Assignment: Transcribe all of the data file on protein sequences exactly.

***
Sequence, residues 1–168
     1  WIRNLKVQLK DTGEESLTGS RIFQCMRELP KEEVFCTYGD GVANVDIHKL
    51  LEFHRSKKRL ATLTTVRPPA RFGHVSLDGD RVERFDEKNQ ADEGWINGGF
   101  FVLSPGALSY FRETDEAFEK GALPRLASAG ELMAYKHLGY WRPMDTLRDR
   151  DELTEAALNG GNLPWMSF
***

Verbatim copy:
Sequence, residues 1–168
     1  WIRNLKVQLK DTGEESLTGS RIFQCMRELP KEEVFCTYGD GVANVDIHKL
    51  LEFHRSKKRL ATLTTVRPPA RFGHVSLDGD RVERFDEKNQ ADEGWINGGF
   101  FVLSPGALSY FRETDEAFEK GALPRLASAG ELMAYKHLGY WRPMDTLRDR
   151  DELTEAALNG GNLPWMSF